University of Derby coral research idea wins international award

17 September 2019

A University of Derby researcher has received an international award for his idea to help conserve and restore the world’s coral reefs by identifying and quantifying a previously overlooked key threat to their existence.

Researcher Till Roethig, based at the University’s Aquatic Research Facility, has been named as the recipient of this year’s Ruth Gates Memorial Award by the International Coral Reef Society.

The award comes with a $5,000 research grant to develop solutions to restore and conserve coral reefs endangered by climate change.

Till’s proposal outlined research he plans to carry out in Derby to establish how the effect of climate change on the salinity of sea water is linked to the thermal sensitivity of corals.

Till said: “Coral reefs are under critical decline from rising temperatures globally, but low salinity seems to decrease the thermal tolerance of corals. High temperatures in particular, but also low salinity, can cause coral bleaching and mortality – the main reason why we have lost globally about 50% of coral since 2015. For corals to withstand rising temperatures for longer, the interactive effects with salinity may be crucial. The whole topic could have massive implications for coral restoration and conservation, and yet it is largely overlooked.” 

He added: “I am delighted to receive the Ruth Gates Memorial Award. For me, the award means an international recognition of the importance of the work we are doing in the field of coral research at the University of Derby, and its potential implications for the protection and regeneration of reefs across the world.”

The Aquatic Research Team at Derby has investigated the conditions of coral reefs around the world, in locations such as Australia, Indonesia, Fiji and Palau. The team is working on a four-year project funded by the European Union to develop human-assisted evolution of corals, helping to restore reefs which have been damaged by the effects of climate change. That work includes methods developed at Derby to help juvenile corals to survive and reach adulthood. The research has been shown to increase the survival rates of young corals by 50%.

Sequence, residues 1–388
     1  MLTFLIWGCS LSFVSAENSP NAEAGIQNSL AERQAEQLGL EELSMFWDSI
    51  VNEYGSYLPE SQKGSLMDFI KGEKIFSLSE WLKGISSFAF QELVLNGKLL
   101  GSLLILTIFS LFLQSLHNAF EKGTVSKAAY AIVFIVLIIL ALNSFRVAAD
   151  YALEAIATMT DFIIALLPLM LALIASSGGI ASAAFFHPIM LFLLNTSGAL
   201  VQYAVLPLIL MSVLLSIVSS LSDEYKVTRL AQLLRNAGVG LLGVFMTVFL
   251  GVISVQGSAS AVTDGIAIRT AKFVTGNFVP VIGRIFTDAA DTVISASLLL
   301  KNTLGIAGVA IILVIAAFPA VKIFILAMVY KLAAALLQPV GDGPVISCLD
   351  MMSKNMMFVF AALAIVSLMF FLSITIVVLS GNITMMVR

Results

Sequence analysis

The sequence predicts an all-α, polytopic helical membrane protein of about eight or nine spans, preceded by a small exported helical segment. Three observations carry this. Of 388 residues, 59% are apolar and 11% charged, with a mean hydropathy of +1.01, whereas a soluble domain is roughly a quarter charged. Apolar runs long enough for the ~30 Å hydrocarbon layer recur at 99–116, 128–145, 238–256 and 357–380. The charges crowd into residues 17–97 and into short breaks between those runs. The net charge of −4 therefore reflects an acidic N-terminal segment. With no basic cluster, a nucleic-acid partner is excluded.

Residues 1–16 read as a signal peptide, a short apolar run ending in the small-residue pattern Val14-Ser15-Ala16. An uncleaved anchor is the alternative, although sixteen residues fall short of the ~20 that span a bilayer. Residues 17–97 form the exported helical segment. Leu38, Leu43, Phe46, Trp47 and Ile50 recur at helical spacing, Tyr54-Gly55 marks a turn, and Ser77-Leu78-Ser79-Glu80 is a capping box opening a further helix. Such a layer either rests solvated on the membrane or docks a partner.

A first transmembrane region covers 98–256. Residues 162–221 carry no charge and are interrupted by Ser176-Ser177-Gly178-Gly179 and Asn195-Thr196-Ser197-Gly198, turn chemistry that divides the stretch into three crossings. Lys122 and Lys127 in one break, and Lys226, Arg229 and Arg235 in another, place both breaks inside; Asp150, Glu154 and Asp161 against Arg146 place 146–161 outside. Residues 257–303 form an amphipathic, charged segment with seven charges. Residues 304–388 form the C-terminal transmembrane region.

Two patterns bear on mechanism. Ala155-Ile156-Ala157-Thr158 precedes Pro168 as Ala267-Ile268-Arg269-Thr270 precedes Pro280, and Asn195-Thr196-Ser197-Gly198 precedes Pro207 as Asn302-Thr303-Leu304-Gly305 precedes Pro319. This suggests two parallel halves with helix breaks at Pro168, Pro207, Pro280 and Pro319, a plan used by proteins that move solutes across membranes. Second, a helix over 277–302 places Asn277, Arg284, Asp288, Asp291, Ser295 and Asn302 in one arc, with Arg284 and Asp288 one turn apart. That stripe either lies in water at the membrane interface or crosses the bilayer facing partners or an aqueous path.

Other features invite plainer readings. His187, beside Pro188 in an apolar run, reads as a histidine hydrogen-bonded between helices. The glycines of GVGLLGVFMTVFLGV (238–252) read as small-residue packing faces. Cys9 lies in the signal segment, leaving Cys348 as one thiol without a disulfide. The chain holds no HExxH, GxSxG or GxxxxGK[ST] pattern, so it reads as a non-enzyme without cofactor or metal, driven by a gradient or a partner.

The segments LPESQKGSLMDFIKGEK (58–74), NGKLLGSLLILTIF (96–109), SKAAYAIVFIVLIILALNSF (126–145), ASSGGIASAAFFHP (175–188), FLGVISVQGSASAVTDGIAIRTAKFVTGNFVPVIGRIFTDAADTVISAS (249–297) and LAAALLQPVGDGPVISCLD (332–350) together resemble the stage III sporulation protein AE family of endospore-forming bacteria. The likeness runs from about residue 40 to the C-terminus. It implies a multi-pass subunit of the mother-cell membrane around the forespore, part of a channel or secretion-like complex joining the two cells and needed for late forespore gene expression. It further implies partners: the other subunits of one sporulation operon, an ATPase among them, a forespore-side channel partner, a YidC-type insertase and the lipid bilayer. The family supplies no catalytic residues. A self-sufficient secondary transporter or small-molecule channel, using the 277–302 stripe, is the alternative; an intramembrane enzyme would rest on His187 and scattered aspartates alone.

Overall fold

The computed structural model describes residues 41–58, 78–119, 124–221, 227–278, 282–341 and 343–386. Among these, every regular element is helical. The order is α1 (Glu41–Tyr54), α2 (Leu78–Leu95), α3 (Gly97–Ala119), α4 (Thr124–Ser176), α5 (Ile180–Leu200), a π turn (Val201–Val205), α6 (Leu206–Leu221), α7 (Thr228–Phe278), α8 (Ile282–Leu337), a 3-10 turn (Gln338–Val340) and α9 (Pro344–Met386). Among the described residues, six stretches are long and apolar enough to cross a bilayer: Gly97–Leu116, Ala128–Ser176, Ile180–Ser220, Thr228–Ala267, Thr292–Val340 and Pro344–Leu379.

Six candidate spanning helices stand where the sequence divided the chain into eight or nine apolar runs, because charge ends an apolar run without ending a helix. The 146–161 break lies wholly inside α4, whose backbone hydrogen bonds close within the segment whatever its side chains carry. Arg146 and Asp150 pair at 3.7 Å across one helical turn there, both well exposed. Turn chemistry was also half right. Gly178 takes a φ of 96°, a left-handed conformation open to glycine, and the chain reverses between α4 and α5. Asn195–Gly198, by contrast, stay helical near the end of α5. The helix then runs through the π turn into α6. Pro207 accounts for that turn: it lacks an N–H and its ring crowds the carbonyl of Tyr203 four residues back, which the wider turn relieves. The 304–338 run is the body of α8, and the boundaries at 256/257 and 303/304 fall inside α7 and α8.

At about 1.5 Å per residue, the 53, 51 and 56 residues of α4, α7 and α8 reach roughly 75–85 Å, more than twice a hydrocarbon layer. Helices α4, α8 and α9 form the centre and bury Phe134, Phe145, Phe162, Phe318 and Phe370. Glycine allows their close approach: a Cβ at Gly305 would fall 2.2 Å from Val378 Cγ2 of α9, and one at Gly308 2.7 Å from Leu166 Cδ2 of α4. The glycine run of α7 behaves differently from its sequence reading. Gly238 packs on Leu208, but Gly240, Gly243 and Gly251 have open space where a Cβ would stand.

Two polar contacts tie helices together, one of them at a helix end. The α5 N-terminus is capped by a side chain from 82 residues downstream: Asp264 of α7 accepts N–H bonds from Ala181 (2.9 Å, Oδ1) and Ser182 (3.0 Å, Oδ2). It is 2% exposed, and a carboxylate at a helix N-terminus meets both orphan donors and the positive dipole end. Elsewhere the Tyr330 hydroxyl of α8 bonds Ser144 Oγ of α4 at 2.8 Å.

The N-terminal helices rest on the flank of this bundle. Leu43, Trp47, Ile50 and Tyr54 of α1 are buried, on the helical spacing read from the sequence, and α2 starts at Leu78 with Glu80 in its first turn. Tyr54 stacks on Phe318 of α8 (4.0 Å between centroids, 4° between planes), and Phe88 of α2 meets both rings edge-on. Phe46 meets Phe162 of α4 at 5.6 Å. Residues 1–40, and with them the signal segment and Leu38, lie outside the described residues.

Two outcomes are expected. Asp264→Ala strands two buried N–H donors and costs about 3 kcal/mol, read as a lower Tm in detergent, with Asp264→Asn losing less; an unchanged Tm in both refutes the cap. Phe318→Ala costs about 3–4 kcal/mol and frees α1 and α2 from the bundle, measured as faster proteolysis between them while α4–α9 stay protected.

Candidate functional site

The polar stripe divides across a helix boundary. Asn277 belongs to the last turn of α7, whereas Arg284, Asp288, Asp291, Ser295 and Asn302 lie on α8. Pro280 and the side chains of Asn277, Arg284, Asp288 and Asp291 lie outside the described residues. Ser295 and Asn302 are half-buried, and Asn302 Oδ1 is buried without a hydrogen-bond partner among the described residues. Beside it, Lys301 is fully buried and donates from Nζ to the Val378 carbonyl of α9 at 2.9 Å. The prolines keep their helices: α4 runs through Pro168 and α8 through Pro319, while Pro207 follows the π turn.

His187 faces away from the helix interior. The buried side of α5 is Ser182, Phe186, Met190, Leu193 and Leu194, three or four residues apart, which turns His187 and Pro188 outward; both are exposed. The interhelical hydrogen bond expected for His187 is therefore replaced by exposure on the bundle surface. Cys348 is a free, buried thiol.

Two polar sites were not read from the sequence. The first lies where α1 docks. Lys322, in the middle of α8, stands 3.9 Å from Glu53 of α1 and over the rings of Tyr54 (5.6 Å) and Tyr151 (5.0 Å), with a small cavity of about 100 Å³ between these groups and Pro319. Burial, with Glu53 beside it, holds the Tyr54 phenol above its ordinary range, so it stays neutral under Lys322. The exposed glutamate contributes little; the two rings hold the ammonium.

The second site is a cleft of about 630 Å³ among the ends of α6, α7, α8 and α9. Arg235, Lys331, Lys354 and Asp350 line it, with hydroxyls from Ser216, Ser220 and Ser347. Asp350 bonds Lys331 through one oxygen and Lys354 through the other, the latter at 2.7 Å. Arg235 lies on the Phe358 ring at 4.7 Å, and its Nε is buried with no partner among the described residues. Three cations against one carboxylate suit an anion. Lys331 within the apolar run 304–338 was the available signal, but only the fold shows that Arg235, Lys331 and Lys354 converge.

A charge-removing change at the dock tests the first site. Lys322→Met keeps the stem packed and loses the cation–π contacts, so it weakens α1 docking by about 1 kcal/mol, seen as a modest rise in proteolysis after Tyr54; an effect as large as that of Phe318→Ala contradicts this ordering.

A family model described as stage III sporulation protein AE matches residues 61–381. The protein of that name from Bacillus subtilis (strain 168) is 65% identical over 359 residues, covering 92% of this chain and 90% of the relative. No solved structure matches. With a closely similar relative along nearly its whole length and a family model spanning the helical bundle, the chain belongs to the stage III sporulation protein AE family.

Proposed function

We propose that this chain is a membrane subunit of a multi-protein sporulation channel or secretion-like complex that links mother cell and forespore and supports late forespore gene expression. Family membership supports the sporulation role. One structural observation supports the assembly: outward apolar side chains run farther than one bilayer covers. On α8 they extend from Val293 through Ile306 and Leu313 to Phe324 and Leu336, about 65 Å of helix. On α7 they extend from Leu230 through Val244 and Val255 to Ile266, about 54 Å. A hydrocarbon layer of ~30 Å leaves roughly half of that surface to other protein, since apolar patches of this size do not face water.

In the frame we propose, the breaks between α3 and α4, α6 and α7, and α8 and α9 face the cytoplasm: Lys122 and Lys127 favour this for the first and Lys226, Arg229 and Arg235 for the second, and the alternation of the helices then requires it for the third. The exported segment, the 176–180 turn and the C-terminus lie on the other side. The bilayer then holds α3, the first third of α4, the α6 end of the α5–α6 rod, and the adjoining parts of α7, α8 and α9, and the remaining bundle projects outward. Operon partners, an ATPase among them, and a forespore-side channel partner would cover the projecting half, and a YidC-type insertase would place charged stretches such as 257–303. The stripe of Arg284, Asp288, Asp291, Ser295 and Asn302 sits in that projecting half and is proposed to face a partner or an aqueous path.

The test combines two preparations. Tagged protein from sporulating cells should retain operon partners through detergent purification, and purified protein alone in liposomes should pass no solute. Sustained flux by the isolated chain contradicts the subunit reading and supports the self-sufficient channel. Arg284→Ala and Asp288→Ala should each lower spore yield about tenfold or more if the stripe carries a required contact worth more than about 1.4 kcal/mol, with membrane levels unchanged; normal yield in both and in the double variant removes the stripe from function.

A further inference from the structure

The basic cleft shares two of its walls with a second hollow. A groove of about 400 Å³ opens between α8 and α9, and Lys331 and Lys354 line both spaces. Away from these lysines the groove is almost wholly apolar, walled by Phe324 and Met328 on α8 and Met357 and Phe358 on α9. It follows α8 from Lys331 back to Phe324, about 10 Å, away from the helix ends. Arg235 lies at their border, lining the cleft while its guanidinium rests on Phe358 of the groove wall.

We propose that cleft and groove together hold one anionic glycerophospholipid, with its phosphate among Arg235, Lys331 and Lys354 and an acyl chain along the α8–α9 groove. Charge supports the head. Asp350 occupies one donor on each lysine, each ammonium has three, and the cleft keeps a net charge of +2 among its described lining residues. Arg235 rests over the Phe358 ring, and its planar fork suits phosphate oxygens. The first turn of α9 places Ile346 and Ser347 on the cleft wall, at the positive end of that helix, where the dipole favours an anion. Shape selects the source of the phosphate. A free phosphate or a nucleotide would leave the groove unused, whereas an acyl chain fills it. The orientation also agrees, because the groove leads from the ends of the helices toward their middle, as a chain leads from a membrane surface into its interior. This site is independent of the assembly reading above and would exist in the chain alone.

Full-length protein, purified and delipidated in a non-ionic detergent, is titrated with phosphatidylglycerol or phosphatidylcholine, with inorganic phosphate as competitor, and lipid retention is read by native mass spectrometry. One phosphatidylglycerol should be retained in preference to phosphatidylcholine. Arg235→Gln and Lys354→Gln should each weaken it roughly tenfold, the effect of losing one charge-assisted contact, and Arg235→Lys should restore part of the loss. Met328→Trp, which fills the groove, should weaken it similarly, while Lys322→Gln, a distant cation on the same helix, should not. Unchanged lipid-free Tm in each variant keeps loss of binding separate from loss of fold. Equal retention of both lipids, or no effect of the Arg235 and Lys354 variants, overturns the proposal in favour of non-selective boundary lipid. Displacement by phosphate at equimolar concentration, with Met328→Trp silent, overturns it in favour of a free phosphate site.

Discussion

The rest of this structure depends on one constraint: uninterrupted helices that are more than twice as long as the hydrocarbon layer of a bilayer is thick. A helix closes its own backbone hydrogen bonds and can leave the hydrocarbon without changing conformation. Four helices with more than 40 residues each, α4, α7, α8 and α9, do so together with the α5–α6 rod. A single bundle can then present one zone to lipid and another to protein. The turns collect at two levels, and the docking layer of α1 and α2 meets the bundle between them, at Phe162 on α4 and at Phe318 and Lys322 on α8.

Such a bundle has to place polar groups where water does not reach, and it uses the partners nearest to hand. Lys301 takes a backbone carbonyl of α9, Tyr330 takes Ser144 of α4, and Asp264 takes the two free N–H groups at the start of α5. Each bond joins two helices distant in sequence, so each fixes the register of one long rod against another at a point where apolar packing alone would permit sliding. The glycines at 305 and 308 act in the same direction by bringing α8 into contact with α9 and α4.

Dr Michael Sweet, Associate Professor and Head of the Aquatic Research Facility at the University of Derby, said: “This award is a significant honour for Till and the University of Derby. We are at the forefront of research which could restore some of our planet’s most fragile ecosystems, and this accolade, and the accompanying grant, could help us to find solutions to another of the identified threats to the survival of corals.”

Dr Ruth Gates was an esteemed coral reef scientist, based in Hawaii, who died unexpectedly in 2018. The award established in her memory aims to support research in the topics in which she also worked.

The award nominations were considered by a panel of experts, including former colleagues of Dr Gates.

For more about the University of Derby’s research on coral reef conservation, visit our website.

Picture of researcher Till Roethig with sky in the background
Till Roethig